How to Repair a Rusty Gas Tank


Restoring a car involves redoing every part of the vehicle, including the gas tank. Many times, old vehicles have rusty gas tanks that don't appear to be salvageable. Fortunately, there are lots of restoration technologies out there to make that old gas tank look and perform like new again. This is a fairly easy project, but it will take a some time to do correctly, as there's a lot of drying time in between steps.

Things You'll Need

  • 3/8-inch ratchet and socket set
  • Flathead screwdriver
  • 2-foot metal chain
  • Hose and water source
  • Gas tank sealer kit
  • Bucket
  • Muriatic Acid
  • Acetone
  • Baking soda
  • Rubber gloves
  • Gas tank paint
  • Air compressor, hose and air nozzle
  • Red scuffing pad
  • Unbolt the gas tank from the vehicle using the 3/8-inch ratchet and sockets. When it's lowered from the vehicle, use the flathead screwdriver to disconnect the gas lines from the tank, and unplug the wiring from the tank as well.

  • Unbolt the gas tank sender unit from the center of the gas tank using the 3/8-inch ratchet and socket set. Place the sending unit to the side, as you may be reusing this part. Place the chain into the gas tank, pick it up and shake it up to bounce the chain around the tank. This will knock off any loose rust from the interior of the tank. Pour the rust out of the tank and remove the chain as well.

  • Put on rubber gloves. Mix the metal wash from the gas tank sealer kit in a bucket with two gallons of hot water. Then pour the bucket into the gas tank and swirl it around the entire tank, making sure to coat all surfaces. This will remove any gasoline that has turned into varnish from the tank. Then pour out the metal wash, and place a hose inside of the tank. Turn on the water and let it run for five to 10 minutes. This will completely flush out the tank.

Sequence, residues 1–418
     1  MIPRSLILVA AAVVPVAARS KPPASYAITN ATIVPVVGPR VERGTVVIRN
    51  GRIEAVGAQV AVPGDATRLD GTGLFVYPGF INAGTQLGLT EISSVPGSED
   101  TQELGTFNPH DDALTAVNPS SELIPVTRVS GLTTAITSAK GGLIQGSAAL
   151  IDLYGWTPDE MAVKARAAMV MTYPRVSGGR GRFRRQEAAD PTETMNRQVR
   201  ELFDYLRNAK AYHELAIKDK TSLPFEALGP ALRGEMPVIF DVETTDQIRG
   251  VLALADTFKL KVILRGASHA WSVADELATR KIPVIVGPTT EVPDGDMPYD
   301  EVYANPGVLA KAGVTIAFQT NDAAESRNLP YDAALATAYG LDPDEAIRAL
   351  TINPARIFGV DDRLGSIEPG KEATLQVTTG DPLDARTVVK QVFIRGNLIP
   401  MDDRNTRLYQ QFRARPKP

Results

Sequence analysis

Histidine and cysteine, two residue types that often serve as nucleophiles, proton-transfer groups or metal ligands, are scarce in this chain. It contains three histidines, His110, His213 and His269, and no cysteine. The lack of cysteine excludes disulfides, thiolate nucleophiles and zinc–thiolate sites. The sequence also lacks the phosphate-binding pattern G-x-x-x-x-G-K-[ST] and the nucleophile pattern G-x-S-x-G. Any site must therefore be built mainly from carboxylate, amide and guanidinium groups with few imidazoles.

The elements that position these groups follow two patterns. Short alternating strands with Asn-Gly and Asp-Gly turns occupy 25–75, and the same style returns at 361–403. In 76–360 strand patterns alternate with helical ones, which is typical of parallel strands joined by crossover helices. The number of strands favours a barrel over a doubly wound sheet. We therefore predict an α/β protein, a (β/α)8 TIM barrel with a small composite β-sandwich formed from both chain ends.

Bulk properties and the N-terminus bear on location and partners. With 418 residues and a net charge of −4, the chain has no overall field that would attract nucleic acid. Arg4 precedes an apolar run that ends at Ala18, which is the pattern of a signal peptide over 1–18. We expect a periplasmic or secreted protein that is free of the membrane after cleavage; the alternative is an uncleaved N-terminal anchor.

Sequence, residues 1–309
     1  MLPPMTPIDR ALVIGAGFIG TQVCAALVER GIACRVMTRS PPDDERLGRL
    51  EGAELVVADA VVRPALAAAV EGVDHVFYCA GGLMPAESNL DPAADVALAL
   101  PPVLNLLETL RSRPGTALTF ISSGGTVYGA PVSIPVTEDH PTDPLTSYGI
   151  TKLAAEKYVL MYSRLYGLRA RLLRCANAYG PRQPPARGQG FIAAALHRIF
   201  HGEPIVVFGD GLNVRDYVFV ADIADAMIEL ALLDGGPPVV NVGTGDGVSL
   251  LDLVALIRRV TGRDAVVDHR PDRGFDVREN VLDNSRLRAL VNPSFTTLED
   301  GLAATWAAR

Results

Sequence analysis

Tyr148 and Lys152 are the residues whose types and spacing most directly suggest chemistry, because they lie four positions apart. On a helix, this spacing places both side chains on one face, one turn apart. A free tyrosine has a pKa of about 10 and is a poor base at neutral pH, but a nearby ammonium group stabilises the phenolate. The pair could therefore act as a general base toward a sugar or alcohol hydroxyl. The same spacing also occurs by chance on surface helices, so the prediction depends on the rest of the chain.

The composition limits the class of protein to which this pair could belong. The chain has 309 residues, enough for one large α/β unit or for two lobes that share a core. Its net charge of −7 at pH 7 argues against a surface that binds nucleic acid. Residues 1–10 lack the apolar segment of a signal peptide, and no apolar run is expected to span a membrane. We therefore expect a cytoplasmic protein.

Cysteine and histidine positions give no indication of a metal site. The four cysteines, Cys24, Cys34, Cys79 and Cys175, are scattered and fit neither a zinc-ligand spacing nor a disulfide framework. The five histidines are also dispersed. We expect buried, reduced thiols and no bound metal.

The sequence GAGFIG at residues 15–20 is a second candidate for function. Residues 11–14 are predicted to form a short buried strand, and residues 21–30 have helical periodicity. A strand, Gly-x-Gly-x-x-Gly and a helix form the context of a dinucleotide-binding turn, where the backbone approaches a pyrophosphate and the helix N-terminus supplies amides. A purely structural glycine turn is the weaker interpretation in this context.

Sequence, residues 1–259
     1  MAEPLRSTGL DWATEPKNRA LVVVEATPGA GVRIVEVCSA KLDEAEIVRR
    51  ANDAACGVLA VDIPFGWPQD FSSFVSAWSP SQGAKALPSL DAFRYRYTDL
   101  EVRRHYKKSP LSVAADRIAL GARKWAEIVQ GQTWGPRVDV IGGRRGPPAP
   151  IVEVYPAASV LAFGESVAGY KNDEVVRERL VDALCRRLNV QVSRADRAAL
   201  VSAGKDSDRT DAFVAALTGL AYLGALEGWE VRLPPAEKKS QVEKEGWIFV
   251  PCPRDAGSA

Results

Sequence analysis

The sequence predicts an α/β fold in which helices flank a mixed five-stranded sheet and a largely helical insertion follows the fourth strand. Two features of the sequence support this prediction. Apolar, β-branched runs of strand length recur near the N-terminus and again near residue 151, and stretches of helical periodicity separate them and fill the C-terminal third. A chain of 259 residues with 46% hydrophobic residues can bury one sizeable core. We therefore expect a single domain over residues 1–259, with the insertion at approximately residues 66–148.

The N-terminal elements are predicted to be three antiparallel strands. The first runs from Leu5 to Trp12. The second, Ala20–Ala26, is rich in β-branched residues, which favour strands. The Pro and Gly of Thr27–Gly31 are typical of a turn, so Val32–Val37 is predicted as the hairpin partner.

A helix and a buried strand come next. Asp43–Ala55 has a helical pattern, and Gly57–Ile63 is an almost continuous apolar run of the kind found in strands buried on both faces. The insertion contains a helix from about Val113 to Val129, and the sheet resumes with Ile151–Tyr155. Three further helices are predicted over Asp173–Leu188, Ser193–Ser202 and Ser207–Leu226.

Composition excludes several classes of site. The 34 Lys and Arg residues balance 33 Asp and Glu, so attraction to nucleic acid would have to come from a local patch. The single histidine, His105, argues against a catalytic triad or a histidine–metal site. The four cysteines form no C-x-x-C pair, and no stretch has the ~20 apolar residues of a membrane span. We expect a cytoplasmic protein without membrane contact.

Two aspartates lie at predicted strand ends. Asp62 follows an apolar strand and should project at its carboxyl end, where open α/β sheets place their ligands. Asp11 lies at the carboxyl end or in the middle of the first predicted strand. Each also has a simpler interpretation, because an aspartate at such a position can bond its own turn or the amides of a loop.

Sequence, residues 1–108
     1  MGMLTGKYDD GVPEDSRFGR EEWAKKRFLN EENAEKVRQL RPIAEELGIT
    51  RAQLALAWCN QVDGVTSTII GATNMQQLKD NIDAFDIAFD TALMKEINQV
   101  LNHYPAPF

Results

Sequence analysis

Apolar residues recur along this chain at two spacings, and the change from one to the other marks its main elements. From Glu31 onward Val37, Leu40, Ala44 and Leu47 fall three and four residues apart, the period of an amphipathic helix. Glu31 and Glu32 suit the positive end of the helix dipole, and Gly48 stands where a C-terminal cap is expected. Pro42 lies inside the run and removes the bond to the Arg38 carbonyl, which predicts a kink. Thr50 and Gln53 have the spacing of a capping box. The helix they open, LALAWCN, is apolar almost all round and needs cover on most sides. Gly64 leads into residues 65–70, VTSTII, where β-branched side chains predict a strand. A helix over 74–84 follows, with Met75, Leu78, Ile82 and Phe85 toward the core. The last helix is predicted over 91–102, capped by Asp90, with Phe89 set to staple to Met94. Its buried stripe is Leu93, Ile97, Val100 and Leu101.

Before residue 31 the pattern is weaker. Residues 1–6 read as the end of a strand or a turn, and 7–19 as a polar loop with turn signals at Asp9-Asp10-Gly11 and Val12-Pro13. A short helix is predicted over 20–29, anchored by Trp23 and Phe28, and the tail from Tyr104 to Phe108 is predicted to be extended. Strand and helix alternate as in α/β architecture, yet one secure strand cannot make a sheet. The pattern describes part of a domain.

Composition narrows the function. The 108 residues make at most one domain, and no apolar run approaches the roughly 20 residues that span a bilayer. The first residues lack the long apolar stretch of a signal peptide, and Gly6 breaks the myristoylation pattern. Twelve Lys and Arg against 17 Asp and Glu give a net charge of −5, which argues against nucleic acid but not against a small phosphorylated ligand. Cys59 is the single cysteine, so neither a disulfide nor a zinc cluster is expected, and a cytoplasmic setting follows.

• Pour 64 ounces of muriatic acid into the bucket and mix it with a half-gallon of water. Then pour that bucket into the gas tank, and slosh the contents around the tank for five to 10 minutes. When you're done, the surface of the tank should be a gray color. Pour out the contents into the bucket and pour the baking soda into the bucket to neutralize the acid.

  • Place the etching liquid from the gas tank sealer kit in the gas tank, sloshing the contents around the interior of the tank. Make sure it hits all surfaces, so the etching liquid can do its job. Then pour one quart of acetone into the tank. Slosh the acetone around in the same manner. Then pour the contents out into a bucket.

  • Pour the sealer product from the gas tank sealer kit into the tank. Work it around the interior of the gas tank, coating all surfaces. Let the tank sit for eight to 10 minutes, then bolt the sending unit back into the tank and rotate the tank onto its top, and let sit for eight to 10 minutes. Repeat this process for all sides of the gas tank. Pour any excess sealer into a bucket.

  • Set the compressor to output 5-10 psi. Then put the air nozzle on the air compressor hose, and place the nozzle into the tank. Set up the nozzle so that it stays on for a while, as it's important that airflow goes through the tank while the sealer is curing. Allow the tank to sit for 48 hours to cure.

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